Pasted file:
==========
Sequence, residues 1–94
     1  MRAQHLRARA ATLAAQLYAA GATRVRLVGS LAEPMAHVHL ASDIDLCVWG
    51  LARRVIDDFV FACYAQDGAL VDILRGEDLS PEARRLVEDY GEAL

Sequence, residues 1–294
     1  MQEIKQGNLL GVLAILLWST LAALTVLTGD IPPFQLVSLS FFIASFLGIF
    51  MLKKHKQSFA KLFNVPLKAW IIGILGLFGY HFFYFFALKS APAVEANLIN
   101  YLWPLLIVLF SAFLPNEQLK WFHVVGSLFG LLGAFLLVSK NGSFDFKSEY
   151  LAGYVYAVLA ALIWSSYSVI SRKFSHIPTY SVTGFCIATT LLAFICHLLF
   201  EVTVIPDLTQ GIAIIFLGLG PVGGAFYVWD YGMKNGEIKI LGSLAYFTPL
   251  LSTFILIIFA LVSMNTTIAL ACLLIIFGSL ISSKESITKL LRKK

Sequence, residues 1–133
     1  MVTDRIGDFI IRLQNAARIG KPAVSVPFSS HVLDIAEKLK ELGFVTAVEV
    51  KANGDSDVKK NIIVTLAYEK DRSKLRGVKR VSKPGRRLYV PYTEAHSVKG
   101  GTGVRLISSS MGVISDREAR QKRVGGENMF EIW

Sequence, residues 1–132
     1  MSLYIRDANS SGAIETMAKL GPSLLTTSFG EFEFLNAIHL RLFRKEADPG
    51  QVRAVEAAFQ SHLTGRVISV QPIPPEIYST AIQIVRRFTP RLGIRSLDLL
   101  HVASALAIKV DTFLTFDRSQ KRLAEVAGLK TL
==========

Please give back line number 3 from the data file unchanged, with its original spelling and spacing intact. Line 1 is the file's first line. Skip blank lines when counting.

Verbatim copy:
    51  LARRVIDDFV FACYAQDGAL VDILRGEDLS PEARRLVEDY GEAL